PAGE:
The Stem Cell groups at the Stanley Center for Psychiatric Research are developing stem cell–derived neuronal models and using genome engineering in human pluripotent stem cells (hPSCs) to investigate in vitro phenotypes associated with genetic variants underlying psychiatric disease. The Stem Cell groups are focused on the following projects:
The Nehme lab aspires to identify the cellular phenotypes linked to human genetic variants associated with neuropsychiatric disorders. Through a large collaborative effort with the McCarroll lab, we have established the Stanley Center Stem Cell Resource, a rich resource of curated and whole-genome sequenced human pluripotent stem cell (hPSC) lines. We have assembled, sequenced and annotated stem cell lines from hundreds of patients with a spectrum of psychiatric conditions as well as from ancestrally matched controls. To achieve a more equitable representation of diverse genetic backgrounds in functional studies, we are also leading a large effort to reprogram iPSC lines from diverse genetic backgrounds. Projects leveraging this resource aim to generate and integrate datasets from multiple phenotypic measurements in disease relevant cell-types, including transcriptional, morphological and functional, using arrayed and pooled approaches we and colleagues have developed (Nehme et al, 2018, Mitchell et al., bioRxiv, 2020, Fan et al., 2018).
Stem Cell Genome Engineering
The Lindy Barrett lab developed a series of CRISPR-Cas9–based genome engineering pipelines in hPSCs (see Stem Cell Reports and Scientific Reports) to enable functional studies of genes and variants identified through whole-exome and whole-genome sequencing of psychiatric cohorts. Cellular resources generated through these efforts are utilized in research projects throughout the Stanley Center community, including editing genes in different backgrounds for human brain organoid models. The group now leverages these and other resources to interrogate convergent molecular and cellular mechanisms across neurodevelopmental diseases.
Human Brain Organoid Models
Developing improved cellular systems that model complex human genetic traits, while accounting for non-disease-relevant variation in genetic background, is an important goal in the Paola Arlotta lab. Drawing from foundational work on cortical neuronal development and circuitry in the mouse cortex, the group has optimized a protocol, published in Nature, that supports long-term development of self-organizing whole brain organoids derived from human stem cells. These human organoids generate a large diversity of cell classes from distinct regions of the brain and display robust neuronal networks, presence of synaptic spines, and light sensitivity. Human brain organoids present promises and challenges for gaining insight into human neurodevelopmental and neuropsychiatric pathologies.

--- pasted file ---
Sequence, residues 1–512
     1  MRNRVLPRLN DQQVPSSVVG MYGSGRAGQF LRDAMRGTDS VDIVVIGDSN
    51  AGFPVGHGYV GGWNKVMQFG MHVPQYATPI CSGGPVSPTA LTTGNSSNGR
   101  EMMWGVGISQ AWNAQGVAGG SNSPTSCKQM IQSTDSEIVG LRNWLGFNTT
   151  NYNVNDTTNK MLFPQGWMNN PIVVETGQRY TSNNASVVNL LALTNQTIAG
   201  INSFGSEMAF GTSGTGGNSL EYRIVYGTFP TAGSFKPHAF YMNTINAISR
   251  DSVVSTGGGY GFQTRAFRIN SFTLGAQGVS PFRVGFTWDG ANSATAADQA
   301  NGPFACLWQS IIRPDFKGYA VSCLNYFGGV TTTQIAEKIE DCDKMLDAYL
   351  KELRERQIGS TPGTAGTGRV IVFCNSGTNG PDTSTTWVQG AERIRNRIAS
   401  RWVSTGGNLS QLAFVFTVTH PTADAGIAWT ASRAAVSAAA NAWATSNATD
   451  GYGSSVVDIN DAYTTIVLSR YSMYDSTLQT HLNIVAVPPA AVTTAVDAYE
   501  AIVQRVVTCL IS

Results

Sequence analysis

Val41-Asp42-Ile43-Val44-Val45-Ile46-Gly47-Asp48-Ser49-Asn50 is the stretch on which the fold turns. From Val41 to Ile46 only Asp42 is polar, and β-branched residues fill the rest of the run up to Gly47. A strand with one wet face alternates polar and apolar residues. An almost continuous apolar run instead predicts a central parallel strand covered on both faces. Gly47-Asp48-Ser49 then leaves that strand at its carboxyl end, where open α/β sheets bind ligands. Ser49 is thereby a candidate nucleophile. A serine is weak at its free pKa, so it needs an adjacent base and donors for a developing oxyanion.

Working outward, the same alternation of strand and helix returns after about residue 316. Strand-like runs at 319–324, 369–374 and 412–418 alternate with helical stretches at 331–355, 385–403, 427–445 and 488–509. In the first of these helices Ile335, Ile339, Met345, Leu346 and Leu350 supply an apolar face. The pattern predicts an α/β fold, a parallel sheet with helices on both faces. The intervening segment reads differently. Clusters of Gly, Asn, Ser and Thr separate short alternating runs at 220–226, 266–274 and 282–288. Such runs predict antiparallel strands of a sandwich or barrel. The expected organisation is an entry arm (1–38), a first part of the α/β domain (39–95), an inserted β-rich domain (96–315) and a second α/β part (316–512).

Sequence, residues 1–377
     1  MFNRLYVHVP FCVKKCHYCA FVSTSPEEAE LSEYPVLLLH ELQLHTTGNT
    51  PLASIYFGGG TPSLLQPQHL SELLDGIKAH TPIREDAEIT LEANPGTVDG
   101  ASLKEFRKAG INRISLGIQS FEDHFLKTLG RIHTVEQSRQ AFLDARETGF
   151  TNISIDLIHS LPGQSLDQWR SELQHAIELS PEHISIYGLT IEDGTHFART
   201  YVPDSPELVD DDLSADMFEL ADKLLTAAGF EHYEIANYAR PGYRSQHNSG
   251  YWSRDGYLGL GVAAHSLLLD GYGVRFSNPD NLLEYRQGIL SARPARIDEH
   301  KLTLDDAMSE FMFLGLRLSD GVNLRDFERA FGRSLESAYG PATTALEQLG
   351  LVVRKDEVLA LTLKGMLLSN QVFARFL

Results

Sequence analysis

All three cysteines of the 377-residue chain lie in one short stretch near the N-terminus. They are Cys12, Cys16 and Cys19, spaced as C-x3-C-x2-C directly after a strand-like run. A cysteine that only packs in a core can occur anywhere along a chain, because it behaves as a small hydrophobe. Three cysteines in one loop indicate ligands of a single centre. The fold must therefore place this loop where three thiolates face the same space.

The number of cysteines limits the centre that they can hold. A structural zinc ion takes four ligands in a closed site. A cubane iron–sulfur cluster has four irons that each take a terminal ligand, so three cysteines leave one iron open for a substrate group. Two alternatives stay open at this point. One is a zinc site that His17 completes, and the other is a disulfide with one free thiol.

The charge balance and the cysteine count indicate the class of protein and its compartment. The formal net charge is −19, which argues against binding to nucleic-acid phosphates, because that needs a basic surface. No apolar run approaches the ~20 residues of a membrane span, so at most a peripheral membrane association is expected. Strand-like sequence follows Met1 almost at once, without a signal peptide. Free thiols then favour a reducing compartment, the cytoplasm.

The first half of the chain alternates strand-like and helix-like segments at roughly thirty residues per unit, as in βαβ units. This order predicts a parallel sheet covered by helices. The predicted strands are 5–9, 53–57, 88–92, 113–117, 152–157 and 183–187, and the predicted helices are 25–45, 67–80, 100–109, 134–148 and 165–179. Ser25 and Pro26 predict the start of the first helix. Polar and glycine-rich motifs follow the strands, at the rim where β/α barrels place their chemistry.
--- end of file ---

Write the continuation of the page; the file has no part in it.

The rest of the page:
Neuronal Spheroids for Screening and Therapeutic Target Studies
Developing screening assays relevant to psychiatric disease using human neurons is the focus of the Lee Rubin lab. The group recently reported a robust spheroid culture protocol in Stem Cell Reports, noteworthy for large-scale production of hPSC-derived neurons with mature features. The group now seeks to “close the gap between spheroid and organoids” with continued technical improvements to increase human brain-like mature features, in order to eventually implement the method in their wide studies of psychiatric disease mechanisms. In collaboration with Beth Stevens and the Stanley Center Therapeutics group, some of these Stanley Center–wide efforts include following up on the Nature paper linking the human leukocyte antigen (HLA) locus, a schizophrenia GWAS hit, with mechanisms of synaptic pruning downstream of the complement 4 (C4) protein.
The Brain Interaction Network
In collaboration with colleagues at the Stanley Center, the Lage lab has teased out cell-type-specific protein interaction networks that help understand how common and rare genetic variation can affect whole neuronal processes. By combining genetic information from different neuropsychiatric disorders with proteomics, the team has built a robust pipeline, published in Nature Communications, that spans the generation of experimental data, data quality control and analysis, and integration with a variety of publicly available genetic datasets to maximize results interpretation. Ongoing efforts aim to further extend this research to cell types that are most strongly implicated in neuropsychiatric disease.
Massively Mosaic Experimental Systems
In collaboration with Steve McCarroll, the Nehme lab is harnessing WGS data to generate unique fingerprints — composed of genetic variants used as an intrinsic barcode — of large numbers of hPSC lines. This bioinformatics framework serves as the foundation for development of mosaic experimental systems, in which large numbers of hPSC lines are co-cultured in the same dish and analyzed using Drop-seq, and then have their donor identity inferred after the experiment. Efforts underway aim to develop Drop-seq to measure gene expression levels at a cellular level. These approaches enable scaling of stem cell disease models in a way that is internally controlled, pointing towards applications for mapping eQTLs as a function of psychiatric disease.